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Zoysia Grass

Zoysia spp.

Zoysia Grass

Introduction

Zoysia grasses are sod-forming perennial species that possess both stolons and rhizomes. The grasses turn brown after the first hard frost and are among the first warm season grasses to green up in the spring. The species vary from extremely fine textured to coarse textured types and the leaf blades are very stiff to high silica content.

Use and Management

A highly versatile species, Zoysia grasses make ideal lawn grasses in some situations and can be used on golf courses, parks, and athletic fields. They can grow in all kinds if soils ranging from sands to clays and both acid and alkaline in reaction.

In the southern U.S., the Zoysia grasses grow well in moderately shaded locations. In cooler climates, Zoysia grass does not perform as well under shade as some other species.

Zoysia grass is extremely drought tolerant. Although it does turn straw colored under severe drought conditions, it has the capacity to respond to subsequent irrigation or rainfall. Its water requirements are similar to Bermuda grass. The leaf blades are among the first to roll, under drought conditions, thus tending to conserve moisture more effectively than other species. Zoysia grass also has a deep root system allowing it to more effectively extract water from greater soil depths.

Zoysia grasses are the most tolerant turf grasses. However, their slow rate of growth gives them very poor recuperative potential. Therefore, they perform satisfactorily on lawns, golf course fairways. But, they are not recommended for football or soccer fields where traffic is concentrated in certain areas of the field. If the grass is completely worn in those areas, Zoysia grass is very slow to fill in the damaged areas.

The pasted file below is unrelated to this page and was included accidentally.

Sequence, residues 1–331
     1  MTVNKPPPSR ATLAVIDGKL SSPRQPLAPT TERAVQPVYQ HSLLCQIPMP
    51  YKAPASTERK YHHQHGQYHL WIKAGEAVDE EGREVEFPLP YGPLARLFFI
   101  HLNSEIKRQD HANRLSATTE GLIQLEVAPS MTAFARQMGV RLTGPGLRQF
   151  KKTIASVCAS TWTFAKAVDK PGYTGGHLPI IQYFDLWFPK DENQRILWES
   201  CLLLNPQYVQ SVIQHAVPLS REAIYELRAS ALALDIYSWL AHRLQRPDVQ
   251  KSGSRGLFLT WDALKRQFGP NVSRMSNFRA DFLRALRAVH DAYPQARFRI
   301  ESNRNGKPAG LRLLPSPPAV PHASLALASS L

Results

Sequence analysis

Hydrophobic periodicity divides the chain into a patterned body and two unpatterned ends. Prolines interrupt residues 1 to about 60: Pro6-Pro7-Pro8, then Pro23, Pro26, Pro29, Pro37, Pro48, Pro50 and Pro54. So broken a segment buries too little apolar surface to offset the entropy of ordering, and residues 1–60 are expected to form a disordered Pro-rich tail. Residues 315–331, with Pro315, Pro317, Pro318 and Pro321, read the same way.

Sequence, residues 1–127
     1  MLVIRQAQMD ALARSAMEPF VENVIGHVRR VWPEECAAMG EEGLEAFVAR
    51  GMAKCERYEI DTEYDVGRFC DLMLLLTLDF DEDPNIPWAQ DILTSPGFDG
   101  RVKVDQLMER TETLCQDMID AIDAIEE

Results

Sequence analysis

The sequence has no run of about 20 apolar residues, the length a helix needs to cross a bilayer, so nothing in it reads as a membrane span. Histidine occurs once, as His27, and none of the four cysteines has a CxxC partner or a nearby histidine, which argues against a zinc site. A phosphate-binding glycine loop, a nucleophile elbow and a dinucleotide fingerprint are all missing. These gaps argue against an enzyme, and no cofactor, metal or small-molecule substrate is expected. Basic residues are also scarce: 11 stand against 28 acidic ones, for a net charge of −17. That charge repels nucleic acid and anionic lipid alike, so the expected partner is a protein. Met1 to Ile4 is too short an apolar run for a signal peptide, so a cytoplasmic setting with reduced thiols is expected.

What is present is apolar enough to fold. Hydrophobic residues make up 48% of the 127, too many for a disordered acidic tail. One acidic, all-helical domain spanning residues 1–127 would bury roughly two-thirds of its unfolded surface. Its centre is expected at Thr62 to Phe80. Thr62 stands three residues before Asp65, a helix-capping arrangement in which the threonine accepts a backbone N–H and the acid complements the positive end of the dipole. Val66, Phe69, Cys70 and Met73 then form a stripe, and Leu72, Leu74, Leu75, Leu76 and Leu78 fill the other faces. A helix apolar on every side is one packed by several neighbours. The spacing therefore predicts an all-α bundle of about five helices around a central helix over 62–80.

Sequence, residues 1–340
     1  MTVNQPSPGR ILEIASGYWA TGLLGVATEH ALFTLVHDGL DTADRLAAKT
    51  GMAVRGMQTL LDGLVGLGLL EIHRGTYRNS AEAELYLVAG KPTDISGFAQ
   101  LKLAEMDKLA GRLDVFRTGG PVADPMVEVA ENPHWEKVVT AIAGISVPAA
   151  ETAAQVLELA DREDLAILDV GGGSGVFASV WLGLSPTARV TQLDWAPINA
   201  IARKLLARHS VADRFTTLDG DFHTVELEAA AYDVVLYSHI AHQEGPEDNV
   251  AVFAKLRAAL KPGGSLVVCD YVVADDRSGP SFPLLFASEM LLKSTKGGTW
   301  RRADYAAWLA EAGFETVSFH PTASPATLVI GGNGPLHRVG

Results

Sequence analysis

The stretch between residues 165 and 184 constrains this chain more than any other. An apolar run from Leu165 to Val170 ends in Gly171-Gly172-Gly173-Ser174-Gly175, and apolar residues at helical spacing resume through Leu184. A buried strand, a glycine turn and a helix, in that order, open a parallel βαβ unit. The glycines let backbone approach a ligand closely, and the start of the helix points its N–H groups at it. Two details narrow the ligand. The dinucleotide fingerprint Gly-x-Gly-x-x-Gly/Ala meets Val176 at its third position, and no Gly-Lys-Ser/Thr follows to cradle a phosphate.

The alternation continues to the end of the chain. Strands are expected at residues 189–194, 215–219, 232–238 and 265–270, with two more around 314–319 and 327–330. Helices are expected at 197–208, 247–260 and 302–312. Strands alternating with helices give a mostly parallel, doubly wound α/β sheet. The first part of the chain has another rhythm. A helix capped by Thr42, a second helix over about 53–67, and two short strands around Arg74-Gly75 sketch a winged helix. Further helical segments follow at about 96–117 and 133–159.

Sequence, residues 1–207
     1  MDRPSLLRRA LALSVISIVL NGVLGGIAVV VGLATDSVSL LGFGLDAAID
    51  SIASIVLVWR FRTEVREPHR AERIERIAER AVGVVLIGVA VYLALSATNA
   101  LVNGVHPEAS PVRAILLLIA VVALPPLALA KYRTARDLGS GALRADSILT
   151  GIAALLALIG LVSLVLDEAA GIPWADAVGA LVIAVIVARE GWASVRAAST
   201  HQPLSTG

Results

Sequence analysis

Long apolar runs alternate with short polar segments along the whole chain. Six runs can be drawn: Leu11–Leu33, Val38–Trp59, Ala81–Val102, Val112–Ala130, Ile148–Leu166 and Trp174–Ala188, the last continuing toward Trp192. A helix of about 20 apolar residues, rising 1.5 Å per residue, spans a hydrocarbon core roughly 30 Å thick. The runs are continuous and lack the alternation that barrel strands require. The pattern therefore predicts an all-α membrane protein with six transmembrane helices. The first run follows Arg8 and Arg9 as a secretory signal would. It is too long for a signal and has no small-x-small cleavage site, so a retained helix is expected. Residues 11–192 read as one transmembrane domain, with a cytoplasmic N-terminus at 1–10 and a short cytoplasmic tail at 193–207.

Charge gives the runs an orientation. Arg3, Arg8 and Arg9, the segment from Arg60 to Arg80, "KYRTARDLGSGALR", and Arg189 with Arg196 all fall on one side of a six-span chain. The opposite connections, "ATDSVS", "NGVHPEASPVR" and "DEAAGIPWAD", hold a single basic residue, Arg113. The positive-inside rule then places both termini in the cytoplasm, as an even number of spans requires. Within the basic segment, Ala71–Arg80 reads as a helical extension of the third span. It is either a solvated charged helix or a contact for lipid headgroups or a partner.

Occasionally, thatch removal by mechanical means is required to prevent serious deterioration of Zoysia turf. Scalping the lawn in early spring to remove accumulated growth will also help prevent thatch accumulation.

Planting

Zoysia grass can be planted from seed, but the hybrids are sterile; therefore, hybrids must be sodded. To maintain growth, Zoysia requires 1 to 2 inches of water per week during mid-summer, although it can survive on less than 1 inch per week. Water should be applied 2 to 3 times per week depending on temperatures and soil conditions. Sandy soils require more frequent irrigations than heavier clay soils; and as temperature increases, irrigation frequency must increase. During prolong droughts when it is impractical to water enough to maintain growth, weekly applications of as little as 0.5 inch of water are adequate to keep grass alive.

During dry winter months, Zoysia grass requires occasional irrigation to prevent desiccation and serious loss of stand even though the grass may be dormant.

Insects

White grubs are the major insects attacking Zoysia grass turf. Monitoring the soil underlying the turf during summer and fall is the most effective way of preventing a grub problem. When populations of grubs exceed 4 to 5 per square foot of turf, treatment with insecticides is recommended.

Diseases

Zoysia grasses are relatively free of serious pest problems. Brownpatch, rust and leaf spot diseases can cause problems. Fungicides may be needed to prevent these diseases. In the fall, applications of Banner, Daconil or Bayleton are required to prevent rust on Zoysia lawns.


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